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Tuesday, October 24, 2006

F&WOG--Genuine Conservatives

Typically, I do a book review after I have read an entire book. However, I do not seem able to restrain myself until after I complete this book. So, rather than the typical review (which may still happen), I've decided to provide excerpts from the book. The book is Fundamentalism and the Word of God by JI Packer.
It is a great mistake...to suppose that we who are called 'conservatives' hold desperately to certain beliefs merely because they are old, and are opposed to the discovery of new facts. On the contrary, we welcome new discoveries with all our hearts, and we believe that our cause will come to its rights again only when youth throws off its present intellectual lethargy, refuses to go thoughtlessly with the anti-intellectual current of the age, and recovers some genuine independence of mind. In one sense, indeed, we are traditionalists...But on the whole, in view of the conditions that now exist, it would perhaps be more correct to call us 'radicals' than to call us 'conservatives'...We are seeking in particular to arouse youth from its present uncritical repetition of current phrases into some genuine examination of the basis of life; and we believe that Christianity flourishes not in the darkness, but in the light. A revival of the Christian religion, we believe, will deliver mankind from its present bondage. Such a revival will not be the work of man, but the work of the Spirit of God. But one of the means which the Spirit will use, we believe, is an awakening of the intellect...The new Reformation, in other words, will be accompanied by a new Renaissance; and the last thing in the world we desire to do is discourage originality or independance of mind.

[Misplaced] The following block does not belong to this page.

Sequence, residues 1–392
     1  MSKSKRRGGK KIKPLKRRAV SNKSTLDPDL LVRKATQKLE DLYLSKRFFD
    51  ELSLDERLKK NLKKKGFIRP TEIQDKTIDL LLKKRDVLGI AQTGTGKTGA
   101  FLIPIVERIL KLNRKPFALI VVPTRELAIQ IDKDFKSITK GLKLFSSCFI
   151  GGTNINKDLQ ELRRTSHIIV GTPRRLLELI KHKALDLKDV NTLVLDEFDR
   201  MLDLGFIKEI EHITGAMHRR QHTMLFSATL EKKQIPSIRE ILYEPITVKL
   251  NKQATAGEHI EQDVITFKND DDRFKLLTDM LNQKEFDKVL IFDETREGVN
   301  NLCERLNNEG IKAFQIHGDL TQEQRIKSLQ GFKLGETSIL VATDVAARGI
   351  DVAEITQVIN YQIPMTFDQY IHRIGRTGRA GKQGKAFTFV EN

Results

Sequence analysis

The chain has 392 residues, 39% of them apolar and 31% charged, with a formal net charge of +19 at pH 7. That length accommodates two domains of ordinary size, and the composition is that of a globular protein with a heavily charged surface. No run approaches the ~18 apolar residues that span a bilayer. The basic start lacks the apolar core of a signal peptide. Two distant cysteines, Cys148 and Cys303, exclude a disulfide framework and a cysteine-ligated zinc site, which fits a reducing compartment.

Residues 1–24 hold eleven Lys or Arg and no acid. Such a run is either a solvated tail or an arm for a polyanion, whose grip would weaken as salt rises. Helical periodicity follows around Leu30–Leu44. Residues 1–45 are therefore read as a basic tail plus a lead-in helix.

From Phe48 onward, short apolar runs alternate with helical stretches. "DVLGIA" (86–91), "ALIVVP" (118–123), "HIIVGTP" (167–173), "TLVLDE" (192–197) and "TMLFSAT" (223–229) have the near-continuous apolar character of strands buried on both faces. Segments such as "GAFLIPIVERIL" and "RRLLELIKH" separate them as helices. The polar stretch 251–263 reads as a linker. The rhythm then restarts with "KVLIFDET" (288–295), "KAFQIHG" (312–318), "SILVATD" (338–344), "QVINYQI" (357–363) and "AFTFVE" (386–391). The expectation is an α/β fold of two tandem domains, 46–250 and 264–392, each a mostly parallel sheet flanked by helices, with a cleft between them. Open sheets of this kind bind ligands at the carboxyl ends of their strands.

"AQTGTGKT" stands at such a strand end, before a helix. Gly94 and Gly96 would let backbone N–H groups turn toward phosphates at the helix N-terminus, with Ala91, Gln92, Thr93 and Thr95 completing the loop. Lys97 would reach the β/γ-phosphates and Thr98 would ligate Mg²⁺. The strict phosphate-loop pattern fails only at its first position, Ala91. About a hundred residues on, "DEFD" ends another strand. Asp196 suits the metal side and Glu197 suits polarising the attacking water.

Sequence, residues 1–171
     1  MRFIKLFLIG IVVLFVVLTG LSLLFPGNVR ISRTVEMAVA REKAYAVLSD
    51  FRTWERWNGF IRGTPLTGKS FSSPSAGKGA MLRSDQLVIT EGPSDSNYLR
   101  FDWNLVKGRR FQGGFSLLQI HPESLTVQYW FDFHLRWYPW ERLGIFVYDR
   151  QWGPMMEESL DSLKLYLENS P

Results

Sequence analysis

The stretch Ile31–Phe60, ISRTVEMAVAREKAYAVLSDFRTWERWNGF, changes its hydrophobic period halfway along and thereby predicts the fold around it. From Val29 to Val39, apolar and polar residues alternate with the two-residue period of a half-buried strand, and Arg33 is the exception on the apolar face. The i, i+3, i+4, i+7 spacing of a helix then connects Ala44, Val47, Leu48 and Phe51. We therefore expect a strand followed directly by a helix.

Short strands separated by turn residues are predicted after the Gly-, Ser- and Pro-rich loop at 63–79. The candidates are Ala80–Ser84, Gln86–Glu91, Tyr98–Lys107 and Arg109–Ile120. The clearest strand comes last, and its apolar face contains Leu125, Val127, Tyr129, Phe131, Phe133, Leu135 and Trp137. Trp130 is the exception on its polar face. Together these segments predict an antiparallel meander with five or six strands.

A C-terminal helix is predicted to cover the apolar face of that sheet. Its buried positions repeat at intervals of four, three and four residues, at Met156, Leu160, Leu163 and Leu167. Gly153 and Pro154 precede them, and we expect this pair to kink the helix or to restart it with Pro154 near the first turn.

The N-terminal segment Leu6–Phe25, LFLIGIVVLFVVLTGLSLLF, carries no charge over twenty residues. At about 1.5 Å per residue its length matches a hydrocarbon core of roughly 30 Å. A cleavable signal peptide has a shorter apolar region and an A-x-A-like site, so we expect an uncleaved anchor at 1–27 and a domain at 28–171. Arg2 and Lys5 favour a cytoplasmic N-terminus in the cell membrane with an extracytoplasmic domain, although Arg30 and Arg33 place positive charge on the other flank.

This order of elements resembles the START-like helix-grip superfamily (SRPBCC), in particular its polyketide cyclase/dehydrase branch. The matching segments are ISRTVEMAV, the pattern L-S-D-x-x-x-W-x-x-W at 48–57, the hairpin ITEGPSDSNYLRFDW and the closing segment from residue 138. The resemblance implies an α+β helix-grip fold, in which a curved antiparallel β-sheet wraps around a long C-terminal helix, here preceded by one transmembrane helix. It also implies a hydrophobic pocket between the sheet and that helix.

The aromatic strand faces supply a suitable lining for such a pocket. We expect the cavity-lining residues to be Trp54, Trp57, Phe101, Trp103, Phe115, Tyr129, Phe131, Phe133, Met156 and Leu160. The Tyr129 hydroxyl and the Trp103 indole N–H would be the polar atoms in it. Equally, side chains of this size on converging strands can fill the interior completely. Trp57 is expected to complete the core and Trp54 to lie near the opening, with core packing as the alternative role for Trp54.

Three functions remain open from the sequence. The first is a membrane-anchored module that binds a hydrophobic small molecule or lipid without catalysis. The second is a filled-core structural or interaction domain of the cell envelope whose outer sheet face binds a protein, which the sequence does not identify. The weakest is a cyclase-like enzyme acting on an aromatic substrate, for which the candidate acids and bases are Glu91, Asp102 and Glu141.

Here, Packer is actually quoting J Gresham Machen in What is Faith?. It seems, according to the comments I receive from people, that my views typically do not line up with my demographic. Like the sopranic voiced linebacker, whose voice betrays his stature, it seems that my blog causes some to picture me different. He must be older. He must be angry. He must be Amish! At my age, I many suggest, I should be questioning all that I have heard, trusting no one, and wanting to forge new paths. But this does not seem the radical way to me. "There is a way that seems right to a man." Our sin nature causes all of us to design a god to our liking, to assume our own reason can formulate a more divine being that the One revealed in Scripture.

Whether issues of egalitarianism, the atonement, and even the centrality of Scripture, it seems the assumption is toward that which is new. If you align yourself with the thoughts of Augustine, Athanasius, John Calvin or Charles Spurgeon, you are considered antiquated and must be handled with an air of suspicion. And certainly, we should not hold to a view simply because we trust the advocate, however, if it is "the faith once for all handed down to the saints" shouldn't we see the thread throughout history?

It is natural to see culture shift and immediately challenge our view of orthodoxy because there appears to be a contradiction. Quite frankly, it is the easier (and less intellectual) thing to do. One the surface, truth appears one way, so we immediately adjust our thinking. However, the more radical, the more difficult, the more intellectual work is to look for the thread of truth that runs throughout all cultures of all generations. It may be called conservative, but it is far from simple.


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